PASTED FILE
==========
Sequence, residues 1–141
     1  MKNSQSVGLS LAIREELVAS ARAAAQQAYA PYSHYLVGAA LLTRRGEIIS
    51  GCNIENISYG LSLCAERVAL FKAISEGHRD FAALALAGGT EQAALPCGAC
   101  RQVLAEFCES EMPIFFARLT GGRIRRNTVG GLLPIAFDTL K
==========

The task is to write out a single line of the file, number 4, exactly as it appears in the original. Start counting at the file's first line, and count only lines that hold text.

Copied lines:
   101  RQVLAEFCES EMPIFFARLT GGRIRRNTVG GLLPIAFDTL K